WASHINGTON, D.C. – Today, U.S. Senator Rand Paul released the latest edition of “The Waste Report,” an ongoing project cataloguing egregious examples of waste within the U.S. government. 

No one can borrow unlimited amounts of money forever, but that hasn’t stopped our federal government from trying. This week’s Report examines the results, which include nearly $2,000 of your taxes going solely toward interest payments on the national debt rather than defense, education, or infrastructure. Our government could fund the budgets of a staggering list of departments and agencies – combined – with what it instead devotes to interest.

You can learn more in this week’s “Waste Report” HERE or below.  


Last week, the federal government hit what is known as the “debt ceiling.” Not sure what the debt ceiling is? Well, just like a credit card limits people on the amount they can charge, the law limits how much the federal government can borrow (the so-called “debt limit”).   

Be it the credit card in your wallet or federal borrowing, the reasoning for the limit is the same: no person or even government can borrow unlimited amounts of money forever. Without a limit, the minimum payments will just keep growing until they are unmanageable. 

When we hit the limit, Uncle Sam will try to delay but will eventually call on Congress for a credit limit increase (like anyone with a spending problem).  

The Federal Credit Card 

So what exactly does Uncle Sam’s credit card statement look like? Well, the Congressional Budget Office (CBO) estimated in January that our federal gross debt will be $20.36 trillion[1] by the end of this year, with net interest of $295 billion.[2] Both of these numbers are up from our report last year, Interested in Waste, by approximately $1 trillion and $40 billion respectively – the direct result of failing to balance the federal budget.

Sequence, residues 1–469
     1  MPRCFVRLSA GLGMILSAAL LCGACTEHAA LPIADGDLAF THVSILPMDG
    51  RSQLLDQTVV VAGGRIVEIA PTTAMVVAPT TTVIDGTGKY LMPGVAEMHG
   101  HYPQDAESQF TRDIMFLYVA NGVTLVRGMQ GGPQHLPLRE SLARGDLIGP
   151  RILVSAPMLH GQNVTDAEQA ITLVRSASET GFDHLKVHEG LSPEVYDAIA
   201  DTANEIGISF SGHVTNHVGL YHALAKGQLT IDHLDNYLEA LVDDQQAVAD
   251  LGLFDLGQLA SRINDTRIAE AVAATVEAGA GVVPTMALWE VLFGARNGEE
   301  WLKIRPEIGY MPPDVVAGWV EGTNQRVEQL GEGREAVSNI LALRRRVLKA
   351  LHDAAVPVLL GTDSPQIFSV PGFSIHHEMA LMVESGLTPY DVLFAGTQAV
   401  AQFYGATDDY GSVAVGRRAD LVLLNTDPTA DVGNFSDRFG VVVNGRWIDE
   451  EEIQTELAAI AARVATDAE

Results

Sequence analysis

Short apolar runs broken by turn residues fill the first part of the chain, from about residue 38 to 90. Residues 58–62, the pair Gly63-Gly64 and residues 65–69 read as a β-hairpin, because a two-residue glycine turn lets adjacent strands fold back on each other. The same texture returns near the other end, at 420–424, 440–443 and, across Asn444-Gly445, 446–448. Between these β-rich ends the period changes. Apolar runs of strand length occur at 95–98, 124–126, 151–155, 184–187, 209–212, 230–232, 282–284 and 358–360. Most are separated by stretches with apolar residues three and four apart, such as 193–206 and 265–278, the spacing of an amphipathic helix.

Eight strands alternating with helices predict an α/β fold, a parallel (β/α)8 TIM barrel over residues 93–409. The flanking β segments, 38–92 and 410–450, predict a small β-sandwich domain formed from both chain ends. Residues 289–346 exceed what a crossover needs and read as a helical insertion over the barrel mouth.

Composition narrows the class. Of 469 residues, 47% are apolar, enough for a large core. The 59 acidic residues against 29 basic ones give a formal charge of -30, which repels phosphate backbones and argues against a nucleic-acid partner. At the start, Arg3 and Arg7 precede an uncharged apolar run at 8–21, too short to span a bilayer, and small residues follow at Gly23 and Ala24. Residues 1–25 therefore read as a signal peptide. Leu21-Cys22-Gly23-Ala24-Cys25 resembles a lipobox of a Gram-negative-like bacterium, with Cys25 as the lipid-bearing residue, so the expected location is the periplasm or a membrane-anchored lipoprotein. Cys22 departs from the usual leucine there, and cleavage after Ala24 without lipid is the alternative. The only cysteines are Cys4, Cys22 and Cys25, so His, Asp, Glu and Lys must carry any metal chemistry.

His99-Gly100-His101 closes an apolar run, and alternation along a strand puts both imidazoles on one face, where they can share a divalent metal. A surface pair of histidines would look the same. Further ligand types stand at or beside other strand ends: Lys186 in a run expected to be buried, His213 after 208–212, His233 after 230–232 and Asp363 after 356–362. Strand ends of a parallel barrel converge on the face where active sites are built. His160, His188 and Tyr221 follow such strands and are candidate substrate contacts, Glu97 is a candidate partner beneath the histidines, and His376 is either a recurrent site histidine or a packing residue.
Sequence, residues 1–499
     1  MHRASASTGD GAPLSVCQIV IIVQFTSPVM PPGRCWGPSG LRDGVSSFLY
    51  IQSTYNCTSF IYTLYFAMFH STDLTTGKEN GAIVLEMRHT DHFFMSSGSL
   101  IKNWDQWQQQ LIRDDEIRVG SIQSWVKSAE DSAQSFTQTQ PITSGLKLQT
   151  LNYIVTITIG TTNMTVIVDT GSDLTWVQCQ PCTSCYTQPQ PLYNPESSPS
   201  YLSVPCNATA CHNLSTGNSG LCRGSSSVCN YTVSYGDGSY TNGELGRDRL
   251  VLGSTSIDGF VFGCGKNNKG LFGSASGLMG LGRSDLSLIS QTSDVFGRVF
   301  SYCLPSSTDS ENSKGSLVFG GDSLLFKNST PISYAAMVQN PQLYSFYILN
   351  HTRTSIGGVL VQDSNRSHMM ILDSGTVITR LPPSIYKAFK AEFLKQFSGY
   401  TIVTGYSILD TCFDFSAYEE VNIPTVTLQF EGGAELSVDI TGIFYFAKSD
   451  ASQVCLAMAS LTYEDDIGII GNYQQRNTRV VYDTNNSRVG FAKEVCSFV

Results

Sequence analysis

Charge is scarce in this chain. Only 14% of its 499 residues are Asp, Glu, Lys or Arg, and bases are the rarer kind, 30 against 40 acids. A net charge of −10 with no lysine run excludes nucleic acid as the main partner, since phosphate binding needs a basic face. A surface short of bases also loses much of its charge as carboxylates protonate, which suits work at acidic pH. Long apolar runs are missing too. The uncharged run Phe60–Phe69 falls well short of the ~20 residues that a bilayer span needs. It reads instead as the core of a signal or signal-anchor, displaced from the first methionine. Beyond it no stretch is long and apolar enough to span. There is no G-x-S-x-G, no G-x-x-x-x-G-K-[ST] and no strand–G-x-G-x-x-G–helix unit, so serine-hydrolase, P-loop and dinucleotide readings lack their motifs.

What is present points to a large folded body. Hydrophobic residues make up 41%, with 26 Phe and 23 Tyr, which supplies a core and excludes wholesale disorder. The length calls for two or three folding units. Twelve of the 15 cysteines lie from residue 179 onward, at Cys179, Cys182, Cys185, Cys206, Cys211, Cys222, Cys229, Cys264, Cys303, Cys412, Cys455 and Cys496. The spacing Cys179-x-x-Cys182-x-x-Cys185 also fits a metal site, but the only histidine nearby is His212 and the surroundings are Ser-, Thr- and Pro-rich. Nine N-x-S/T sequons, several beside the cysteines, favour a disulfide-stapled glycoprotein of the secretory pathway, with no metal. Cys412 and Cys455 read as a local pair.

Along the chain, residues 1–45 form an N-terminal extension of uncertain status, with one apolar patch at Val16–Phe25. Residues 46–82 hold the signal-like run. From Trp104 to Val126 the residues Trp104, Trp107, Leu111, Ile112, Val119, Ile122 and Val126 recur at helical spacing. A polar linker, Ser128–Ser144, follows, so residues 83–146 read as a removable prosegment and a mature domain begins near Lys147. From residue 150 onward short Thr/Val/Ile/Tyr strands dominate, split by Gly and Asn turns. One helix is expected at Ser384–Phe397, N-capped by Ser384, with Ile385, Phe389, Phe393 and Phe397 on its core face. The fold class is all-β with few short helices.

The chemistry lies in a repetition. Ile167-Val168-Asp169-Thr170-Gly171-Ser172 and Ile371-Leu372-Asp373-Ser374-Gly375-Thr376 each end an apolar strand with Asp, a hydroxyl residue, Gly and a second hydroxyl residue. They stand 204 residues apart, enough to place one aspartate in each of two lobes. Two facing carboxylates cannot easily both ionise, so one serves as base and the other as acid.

These are all big numbers. So to put it in perspective, let’s imagine Uncle Sam is an average American and makes an annual wage of $48,320.[3] Sam would already have $288,954 in debt. His minimum payment on that debt would be nearly $4,000 this year, but that is just because he did a balance transfer a while ago and is still on a low teaser rate of about 2%. Someday soon, that rate is going to expire, and his payment will at least double. Even still, right now Sam seems to be able to manage his debt, except that Sam plans to spend $56,255 this year – increasing his debt load by almost $8,000 to nearly $297,000. Worse still, Sam isn’t bashful about his plan to keep spending more than he makes each year for the rest of his life.  

It doesn’t take a financial whiz to see that Sam cannot keep this up too much longer.

Why Should You Care?

As we know, Uncle Sam is not a real person with a job. Instead, he is an enormous government that gets almost all his money from your taxes. Even if he is only paying interest (the minimum payment), he has to pay that in cash. That means the first $1,966 YOU PAY in taxes will go just to interest payments.[4] Not defense, not education, not roads – interest. Worse, it is all wasted. The government and you, the taxpayer, do not actually get anything for this – not one hour of work and not even one sticky note. 

Interest Roll Call

If you are like most people, at some point you have sat down to pay your credit card bill(s) and thought, “Interest is killing me. I could pay for a lot of other stuff (or pay this card down faster) if it weren’t for this interest.” We’ve thought the same thing about the federal interest payment. So, what could we pay for? The $295 billion in interest payments we will pay this year COULD have covered the budgets of the Departments of: Commerce, Energy, Homeland Security, Housing and Urban Development, Interior, Justice, and State, as well as the EPA, NASA, the National Science Foundation, the Small Business Administration, the U.S. Congress, the Federal Courts, all international assistance programs, the Executive Office of the President, and the Army Corps of Engineers – COMBINED.[5]  


[1] https://www.cbo.gov/sites/default/files/115th-congress-2017-2018/reports/52370-outlook.pdf, Page 29

[2] Ibid., Page 10

[3] https://www.bls.gov/oes/current/oes_nat.htm

[4] $295 billion divided by 150 million individual tax returns filed in 2016 (IRS statistics). https://www.irs.gov/uac/filing-season-statistics

[5] Taken from OMB Historical Table

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